In large states public education will always be mediocre, for the same reason that in large kitchens the cooking is usually bad.
— Friedrich Nietzsche
In the first instance, I am going to argue with Nietzsche’s comment: public education as a whole (at least in Australia) is never mediocre. The difference between public schools and private (well-financed) schools is only that teachers in public schools often have to deliver the same curriculum as their private counterparts, but with limited resources.
In public schools we generally don’t have whiz-bang science labs and equipment or state of the art P.E. gear (let alone nice big playing fields with green grass, proper markings and quality goal posts). Often we are using text-books or other resources that have been in the school for decades. (Case in point: My daughter attends the same high school I did 30 years ago. Her current mathematics text-book is the same one I used.)
And — this point deserves its own paragraph — teachers in public schools spend a lot of their own money on consumable resources, nice stationery items and, sometimes, classroom furniture! Believe it or not, these teaching basics are often not provided in public schools with their limited curriculum budgets.
What we do have, and rely on, is creativity, flexibility and an ability to think outside the box. Education is not about the resources used, but about the inspiration and motivation provided by the teachers.
All schools (public and private) have standout teachers.
All schools have teachers who really shouldn’t be doing this job.
To think that Nietzsche’s statement about public education is still true in all cases (large states or small) a century later is ludicrous.
However — I should like to replace the first clause in his quote (in large states public education will always be mediocre) with this one:
In large groups, teaching will always be mediocre …
‘Team teaching’ is one of the current in-words in education.
When delivered well, team-teaching is brilliant. Two teachers plan together, deliver the lesson together and assess together. It’s a win-win situation for the teachers AND for the students.
There seems to be an increasing trend towards putting several classes together in one room — all the kids sitting on the floor, no room to move, and ONE teacher delivering the lesson while the others mark work, sit and listen (and occasionally interject) or go and do photocopying.
The lesson delivery is often very teacher-centred, i.e. the teacher does all the talking. Students are passive ‘participants’. They may be asked to discuss something with the person next to them (rarely) or be asked to answer a question (which the teacher already knows the answer to), but that is the limit of their role.
I have witnessed cases where this ‘lesson’ takes 30-minutes or more. That’s a long time to be sitting on the floor and focusing. I read somewhere once a child’s attention span is roughly equivalent to their age; if you are 10, your maximum time you can focus on listening is 10 minutes. Maximum time!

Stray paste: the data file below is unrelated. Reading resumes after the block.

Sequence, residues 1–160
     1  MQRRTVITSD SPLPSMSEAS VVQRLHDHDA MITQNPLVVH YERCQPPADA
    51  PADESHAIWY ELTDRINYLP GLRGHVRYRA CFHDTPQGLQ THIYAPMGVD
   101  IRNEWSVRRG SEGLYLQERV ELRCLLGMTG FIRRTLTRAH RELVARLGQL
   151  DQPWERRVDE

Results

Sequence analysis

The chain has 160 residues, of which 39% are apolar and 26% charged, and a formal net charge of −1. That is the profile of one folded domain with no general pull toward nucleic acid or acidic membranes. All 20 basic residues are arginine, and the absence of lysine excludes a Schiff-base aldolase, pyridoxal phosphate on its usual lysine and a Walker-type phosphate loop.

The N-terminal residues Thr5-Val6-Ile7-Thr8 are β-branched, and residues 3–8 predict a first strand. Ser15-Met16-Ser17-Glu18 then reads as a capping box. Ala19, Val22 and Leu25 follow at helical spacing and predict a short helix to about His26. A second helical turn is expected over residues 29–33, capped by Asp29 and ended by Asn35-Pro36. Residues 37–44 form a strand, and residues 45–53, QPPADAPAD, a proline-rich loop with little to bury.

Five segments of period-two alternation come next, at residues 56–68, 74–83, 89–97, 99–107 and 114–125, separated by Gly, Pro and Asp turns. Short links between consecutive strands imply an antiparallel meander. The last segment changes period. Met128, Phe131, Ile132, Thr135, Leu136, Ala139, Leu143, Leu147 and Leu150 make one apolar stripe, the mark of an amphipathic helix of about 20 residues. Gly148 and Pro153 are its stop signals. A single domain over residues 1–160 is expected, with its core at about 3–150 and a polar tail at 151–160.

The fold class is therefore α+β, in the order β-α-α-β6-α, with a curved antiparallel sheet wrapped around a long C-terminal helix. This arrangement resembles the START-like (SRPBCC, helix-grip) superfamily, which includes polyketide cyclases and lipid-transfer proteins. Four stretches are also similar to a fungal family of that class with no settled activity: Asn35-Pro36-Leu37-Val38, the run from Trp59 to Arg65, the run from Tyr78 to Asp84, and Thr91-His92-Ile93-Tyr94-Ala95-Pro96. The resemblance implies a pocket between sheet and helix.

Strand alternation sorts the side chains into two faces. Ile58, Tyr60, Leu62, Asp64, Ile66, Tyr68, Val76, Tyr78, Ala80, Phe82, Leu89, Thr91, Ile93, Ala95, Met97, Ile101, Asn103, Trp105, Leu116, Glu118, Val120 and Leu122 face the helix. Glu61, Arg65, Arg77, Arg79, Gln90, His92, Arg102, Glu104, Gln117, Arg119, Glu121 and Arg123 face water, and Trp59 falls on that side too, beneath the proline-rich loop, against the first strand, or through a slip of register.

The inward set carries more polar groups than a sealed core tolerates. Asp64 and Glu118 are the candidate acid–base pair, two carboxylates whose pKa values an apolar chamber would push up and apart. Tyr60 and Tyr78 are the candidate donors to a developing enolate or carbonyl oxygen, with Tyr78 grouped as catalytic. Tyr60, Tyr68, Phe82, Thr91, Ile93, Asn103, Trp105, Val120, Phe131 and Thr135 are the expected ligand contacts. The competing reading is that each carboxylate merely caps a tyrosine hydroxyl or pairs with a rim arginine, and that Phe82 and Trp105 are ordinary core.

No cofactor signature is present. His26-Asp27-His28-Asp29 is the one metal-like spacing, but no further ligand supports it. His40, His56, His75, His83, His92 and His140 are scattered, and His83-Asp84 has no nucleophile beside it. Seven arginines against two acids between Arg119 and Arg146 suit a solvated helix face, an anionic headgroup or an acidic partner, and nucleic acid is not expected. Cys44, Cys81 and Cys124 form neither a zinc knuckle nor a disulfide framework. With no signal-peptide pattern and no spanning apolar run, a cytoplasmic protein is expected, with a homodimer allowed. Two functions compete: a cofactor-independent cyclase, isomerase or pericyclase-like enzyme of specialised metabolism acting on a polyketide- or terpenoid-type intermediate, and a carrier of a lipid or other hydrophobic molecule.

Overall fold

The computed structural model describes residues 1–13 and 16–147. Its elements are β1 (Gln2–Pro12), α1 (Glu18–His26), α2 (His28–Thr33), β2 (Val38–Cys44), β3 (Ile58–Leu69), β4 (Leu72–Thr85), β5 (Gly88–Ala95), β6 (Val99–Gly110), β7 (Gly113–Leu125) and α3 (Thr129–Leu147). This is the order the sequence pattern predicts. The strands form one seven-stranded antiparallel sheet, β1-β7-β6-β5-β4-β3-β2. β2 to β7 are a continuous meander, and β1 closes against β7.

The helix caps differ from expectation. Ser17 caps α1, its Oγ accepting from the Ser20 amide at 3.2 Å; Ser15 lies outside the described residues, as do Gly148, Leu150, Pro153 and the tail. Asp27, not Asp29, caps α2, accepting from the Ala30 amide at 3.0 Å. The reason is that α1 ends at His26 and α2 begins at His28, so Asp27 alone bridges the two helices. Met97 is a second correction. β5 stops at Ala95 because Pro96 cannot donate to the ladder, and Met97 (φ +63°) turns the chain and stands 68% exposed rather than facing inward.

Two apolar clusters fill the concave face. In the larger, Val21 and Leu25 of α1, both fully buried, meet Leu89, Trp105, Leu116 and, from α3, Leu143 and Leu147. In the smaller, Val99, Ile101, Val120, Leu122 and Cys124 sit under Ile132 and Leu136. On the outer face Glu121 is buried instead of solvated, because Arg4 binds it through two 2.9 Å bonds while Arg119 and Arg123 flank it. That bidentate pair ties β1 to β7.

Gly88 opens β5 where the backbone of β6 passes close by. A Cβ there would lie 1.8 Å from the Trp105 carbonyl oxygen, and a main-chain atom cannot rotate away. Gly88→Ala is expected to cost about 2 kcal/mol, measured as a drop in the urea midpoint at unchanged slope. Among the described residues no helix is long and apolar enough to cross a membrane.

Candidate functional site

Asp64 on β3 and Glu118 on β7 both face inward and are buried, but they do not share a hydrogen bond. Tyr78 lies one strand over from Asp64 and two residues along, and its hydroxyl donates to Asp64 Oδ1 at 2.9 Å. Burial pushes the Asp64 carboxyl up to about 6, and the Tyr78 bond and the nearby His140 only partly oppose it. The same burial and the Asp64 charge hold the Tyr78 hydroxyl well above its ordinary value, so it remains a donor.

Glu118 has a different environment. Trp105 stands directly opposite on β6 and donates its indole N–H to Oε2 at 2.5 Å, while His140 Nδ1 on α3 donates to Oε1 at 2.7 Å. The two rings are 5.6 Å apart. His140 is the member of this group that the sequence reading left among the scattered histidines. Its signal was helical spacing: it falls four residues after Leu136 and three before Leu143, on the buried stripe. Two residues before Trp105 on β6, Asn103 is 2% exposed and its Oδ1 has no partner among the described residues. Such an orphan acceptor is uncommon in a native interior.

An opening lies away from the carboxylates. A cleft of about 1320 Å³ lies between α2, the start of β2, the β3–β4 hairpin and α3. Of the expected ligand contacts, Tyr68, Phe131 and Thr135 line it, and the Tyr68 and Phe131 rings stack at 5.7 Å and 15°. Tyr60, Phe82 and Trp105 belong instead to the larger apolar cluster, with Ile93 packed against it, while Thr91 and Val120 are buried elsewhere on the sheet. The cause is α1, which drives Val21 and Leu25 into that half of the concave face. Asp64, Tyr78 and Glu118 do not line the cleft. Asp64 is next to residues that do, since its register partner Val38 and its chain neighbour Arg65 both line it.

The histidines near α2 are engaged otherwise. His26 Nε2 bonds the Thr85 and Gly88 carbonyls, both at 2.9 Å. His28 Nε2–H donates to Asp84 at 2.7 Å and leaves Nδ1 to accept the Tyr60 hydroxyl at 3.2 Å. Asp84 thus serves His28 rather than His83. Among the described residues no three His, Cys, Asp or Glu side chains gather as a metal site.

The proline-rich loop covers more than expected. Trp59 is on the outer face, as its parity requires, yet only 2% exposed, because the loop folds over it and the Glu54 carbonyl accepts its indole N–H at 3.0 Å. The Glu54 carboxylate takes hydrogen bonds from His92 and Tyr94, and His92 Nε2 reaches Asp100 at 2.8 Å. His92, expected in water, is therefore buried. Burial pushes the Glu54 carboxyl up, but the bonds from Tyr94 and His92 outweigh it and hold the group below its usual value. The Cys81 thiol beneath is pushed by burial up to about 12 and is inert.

Quite frequently this ‘team teaching’ method is used to introduce a concept, begin a lesson or give instructions, with the aim of giving all classes the same information. Following this, the classes then disappear back off to their spaces to complete the activity.
This is not team-teaching … although if you ask these teachers if they team-teach the answer is ‘yes’.
With my Kagan Cooperative Learning background, I am not at all comfortable with the above style of so-called ‘team teaching’.
Learning is all about engagement. How many children, out of three classes (so around 80-90 children) sitting crammed in one teaching space, do you think are actively engaged in this ‘learning’ at any one time? Kagan philosophy says around one in four children will be engaged; in my opinion it is more likely to be anywhere from none to one … the one is the child answering the question.
I have been in situations where I have allowed my students to participate in such learning; I have hated every minute of it. When it’s my turn to run the session, I try to use cooperative learning strategies — but this is difficult when there is no room for the students to move, and if the other teachers are not involved.
This is not good teaching.
Alternatively, if I elect to sit my class out of these sessions, I can potentially be questioned by our executive as to why I am not ‘team teaching.’
So, I can either beat myself up about my poor teaching, or have others think I am being a lone wolf and not towing the party line. Being rather opinionated and not scared of being questioned regarding my pedagogy, I more often tend towards the latter.
As I am not a chef, I can not really say whether the proverb too many cooks spoil the broth, or Nietzsche’s assertion about the cooking being bad in large kitchens, is actually true; although I do know if my husband and I are trying to cook at the same time the result is not pretty.
But, I can confirm with absolute confidence that too many students trying to learn together without good team-teaching structure is going to fail.
Our students deserve more.